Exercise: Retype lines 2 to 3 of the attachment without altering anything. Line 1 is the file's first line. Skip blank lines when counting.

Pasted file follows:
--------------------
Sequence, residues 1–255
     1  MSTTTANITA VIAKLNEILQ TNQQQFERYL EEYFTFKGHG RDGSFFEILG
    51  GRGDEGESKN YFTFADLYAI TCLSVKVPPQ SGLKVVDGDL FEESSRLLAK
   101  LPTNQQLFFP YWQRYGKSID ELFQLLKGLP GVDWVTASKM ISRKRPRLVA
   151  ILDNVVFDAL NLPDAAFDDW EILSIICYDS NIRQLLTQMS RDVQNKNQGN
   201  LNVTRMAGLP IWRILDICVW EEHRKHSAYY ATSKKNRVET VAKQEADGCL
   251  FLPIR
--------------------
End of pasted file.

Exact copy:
     1  MSTTTANITA VIAKLNEILQ TNQQQFERYL EEYFTFKGHG RDGSFFEILG
    51  GRGDEGESKN YFTFADLYAI TCLSVKVPPQ SGLKVVDGDL FEESSRLLAK